These are similar but not identical concepts. Rhythm refers to the overall tempo, or pace, at which the poem unfolds, while meter refers to the measured beat established by patterns of stressed and unstressed syllables. Poets who write free verse, generally de-emphasize or ignore meter and focus instead on refining and tuning their natural speech rhythms to suit the poem's tone and content. Or as Ezra Pound put it, they "compose in the sequence of the musical phrase, not in the sequence of the metronome."
Still, even if you write mostly free verse, understanding some basic metric principles can help. As has often been pointed out, English sentences naturally tend to establish a dominant beat, usually iambic, so if you have a troublesome line or phrase that "just doesn't feel right," you may find that by quickly scanning your line, you can spot and fix the problem, replacing a one syllable word with a two syllable word, or vice-versa. Besides helping with such quick rhythmic tune ups, metric awareness is essential for writing in traditional fixed forms, such as blank verse or the sonnet.
Here, very briefly, is how to scan a line. First read it aloud to get a feel for where the stressed and unstressed syllables fall.
When Ajax strives some rock's vast weight to throw,
The line too labors, and the words move slow;
--Alexander Pope, "An Essay on Criticism"
Then mark the syllables as being stressed or unstressed. Mark unstressed syllables with a and stressed syllables with a .
Next, look for patterns. First check the syllables two at a time; then if no pattern is evident, three at a time. When you see a repeated pattern, use a /to divide the line into feet.
If you're in doubt, try another line:
This second line is more difficult, partly because of the three lightly stressed syllables " . . . bors, and the, . . ." Yet this very faltering, laboring for consistency seems to emphasize Pope's points about effort and struggle, about sound echoing sense.
By now we can recognize a dominant meter:
And knowing that meter helps us fit the doubtful syllables into the established pattern, in this case iambic pentameter.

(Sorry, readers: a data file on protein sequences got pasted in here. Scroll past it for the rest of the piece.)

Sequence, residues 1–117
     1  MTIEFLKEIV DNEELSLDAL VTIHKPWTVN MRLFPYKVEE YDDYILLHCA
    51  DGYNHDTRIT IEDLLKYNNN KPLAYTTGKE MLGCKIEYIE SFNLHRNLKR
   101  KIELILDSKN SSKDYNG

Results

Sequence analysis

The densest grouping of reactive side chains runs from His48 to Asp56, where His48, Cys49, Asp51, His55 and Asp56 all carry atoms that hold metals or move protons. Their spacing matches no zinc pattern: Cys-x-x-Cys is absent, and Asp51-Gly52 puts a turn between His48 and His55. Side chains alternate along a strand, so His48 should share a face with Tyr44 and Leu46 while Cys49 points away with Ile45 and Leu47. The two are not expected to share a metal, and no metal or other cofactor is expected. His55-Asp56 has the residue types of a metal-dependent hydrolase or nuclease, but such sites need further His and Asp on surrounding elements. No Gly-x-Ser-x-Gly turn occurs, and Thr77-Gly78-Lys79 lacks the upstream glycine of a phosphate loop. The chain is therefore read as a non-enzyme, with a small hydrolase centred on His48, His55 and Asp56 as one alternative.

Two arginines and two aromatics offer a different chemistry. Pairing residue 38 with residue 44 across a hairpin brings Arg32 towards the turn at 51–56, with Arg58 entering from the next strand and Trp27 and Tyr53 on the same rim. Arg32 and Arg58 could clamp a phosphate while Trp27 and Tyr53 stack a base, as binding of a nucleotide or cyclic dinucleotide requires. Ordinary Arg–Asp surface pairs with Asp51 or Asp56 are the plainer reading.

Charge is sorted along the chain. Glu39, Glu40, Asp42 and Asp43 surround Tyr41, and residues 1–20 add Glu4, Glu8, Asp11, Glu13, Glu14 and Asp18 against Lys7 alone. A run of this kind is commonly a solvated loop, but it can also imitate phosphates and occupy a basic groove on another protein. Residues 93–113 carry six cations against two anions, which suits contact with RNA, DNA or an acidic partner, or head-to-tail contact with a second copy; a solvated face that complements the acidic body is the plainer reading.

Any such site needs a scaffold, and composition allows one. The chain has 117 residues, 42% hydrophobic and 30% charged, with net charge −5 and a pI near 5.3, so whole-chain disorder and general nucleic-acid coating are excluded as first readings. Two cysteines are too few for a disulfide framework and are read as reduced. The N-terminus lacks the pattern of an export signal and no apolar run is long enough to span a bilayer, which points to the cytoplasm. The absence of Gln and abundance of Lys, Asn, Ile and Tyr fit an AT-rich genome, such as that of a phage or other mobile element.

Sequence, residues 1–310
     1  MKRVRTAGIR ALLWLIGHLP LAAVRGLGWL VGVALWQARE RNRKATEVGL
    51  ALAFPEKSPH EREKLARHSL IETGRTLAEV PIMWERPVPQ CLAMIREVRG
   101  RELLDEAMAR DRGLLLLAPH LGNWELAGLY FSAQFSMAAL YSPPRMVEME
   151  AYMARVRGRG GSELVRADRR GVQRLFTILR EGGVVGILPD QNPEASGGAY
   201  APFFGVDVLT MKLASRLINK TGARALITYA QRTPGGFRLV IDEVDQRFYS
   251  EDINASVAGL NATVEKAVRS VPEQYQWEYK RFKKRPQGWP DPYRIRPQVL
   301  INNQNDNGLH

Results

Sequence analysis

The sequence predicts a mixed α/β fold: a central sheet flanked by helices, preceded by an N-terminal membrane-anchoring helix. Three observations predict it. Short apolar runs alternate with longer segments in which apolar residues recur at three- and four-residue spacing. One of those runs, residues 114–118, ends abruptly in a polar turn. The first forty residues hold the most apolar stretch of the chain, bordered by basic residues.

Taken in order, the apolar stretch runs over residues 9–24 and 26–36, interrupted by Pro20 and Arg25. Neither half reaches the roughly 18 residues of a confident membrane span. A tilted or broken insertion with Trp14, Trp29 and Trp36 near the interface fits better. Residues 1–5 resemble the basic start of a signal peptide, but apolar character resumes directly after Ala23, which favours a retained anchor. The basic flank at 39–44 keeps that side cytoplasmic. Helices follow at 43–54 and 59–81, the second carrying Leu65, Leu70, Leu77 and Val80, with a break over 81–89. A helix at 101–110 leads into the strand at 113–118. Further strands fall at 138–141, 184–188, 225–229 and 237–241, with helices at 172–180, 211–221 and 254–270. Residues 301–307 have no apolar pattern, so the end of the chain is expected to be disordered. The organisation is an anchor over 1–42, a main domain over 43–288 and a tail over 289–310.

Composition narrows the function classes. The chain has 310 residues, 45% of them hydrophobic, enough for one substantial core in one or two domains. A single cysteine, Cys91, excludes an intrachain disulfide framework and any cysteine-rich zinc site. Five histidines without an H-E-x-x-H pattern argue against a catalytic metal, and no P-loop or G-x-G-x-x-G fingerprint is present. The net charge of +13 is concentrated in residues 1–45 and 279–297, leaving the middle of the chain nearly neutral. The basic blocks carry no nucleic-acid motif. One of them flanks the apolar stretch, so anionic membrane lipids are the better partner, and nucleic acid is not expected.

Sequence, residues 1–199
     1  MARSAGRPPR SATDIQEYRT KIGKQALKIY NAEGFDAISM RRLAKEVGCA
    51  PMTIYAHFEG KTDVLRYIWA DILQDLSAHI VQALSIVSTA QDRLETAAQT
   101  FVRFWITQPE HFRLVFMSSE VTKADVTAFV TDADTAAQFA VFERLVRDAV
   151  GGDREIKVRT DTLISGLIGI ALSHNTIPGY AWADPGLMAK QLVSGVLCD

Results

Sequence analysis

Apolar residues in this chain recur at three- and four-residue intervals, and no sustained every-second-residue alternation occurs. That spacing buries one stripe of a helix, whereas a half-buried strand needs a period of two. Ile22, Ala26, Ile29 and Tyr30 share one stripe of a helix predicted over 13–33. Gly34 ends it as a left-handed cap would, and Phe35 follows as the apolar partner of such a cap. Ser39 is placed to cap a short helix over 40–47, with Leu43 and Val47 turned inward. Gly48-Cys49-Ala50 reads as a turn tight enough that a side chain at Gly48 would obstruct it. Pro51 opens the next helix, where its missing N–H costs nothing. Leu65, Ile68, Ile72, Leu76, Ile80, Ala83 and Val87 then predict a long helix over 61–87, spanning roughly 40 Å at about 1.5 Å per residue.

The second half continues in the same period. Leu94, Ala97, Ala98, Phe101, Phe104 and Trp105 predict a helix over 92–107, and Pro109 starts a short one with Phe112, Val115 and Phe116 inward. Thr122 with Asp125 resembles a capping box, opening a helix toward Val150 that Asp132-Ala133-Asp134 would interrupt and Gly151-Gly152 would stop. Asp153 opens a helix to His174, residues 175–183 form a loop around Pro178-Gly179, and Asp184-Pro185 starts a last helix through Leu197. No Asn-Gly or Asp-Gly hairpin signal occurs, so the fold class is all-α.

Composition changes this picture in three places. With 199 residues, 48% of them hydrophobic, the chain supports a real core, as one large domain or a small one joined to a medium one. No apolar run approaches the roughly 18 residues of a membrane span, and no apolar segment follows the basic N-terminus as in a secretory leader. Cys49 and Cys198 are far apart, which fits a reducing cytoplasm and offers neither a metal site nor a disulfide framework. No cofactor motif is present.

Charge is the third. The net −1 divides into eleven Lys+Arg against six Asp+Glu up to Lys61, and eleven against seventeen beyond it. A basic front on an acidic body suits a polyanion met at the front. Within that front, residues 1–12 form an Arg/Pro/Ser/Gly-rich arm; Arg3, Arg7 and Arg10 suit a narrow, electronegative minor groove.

This short discussion just gives the barest essentials. How deeply you get into metrics depends upon your level of interest and the type of poetry you write.
Rhyme And Rythm in Blake's A Divine Image Essay
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Rhyme And Rythm in Blake's A Divine Image
In "A Divine Image", Blake uses several techniques and literary devices, to transmit his thoughts about social injustice, cruelty and human nature, Rhyme and rhythm are two of the main features in this poem this poem is the rhythm affect the whole mood, tone and meaning of the poem. The poet has chosen different methods to give the poem specific sounds that affect the pace and structure of the rhythm.
The structure of the first stanza helps us understand the relationships between the four aspects of human nature presented, cruelty, jealousy, terror and secrecy. The first and third lines start with the main word, while in the second and fourth ones the words come preceded by the word "And".…show more content…
On a deeper level, this way of structuring can represent the inflexibility and stiffness of these negative human aspects, like immovable objects buried deep inside human nature. We can see that the most outstanding rhythmical feature of this stanza is foregrounding. In fact, every line of the poem has the word "human" in it. This excessive repetitiveness, together with the characteristics described, leads the reader to render them exclusively human, the result of our intellectual superiority over nature. The stress of the lines fall in the word "human" in every case in the second stanza, achieved by the foregrounding device.
The repetition of the consonant sounds plays a very important part in the rhythm of the second stanza. We notice that the consonant sound most frequently repeated is the "f" sound, a sharp and keen one, for example in "? is forged iron", "?form a fiery forge" or "?face a furnace sealed". This repetitiveness of the "f" sound together with the image of a furnace and iron being forged, suggests a very strong image of fire that affects the tone and mood of the poem. The climax of this image is achieved in the third lines when the image of the furnace is presented. Interestingly enough we can find juxtaposition of the words "face" and "furnace" as these don't usually go together, for the heat of a furnace would burn someone's face. This suggests the somewhat chaotic human nature referring to jealousy.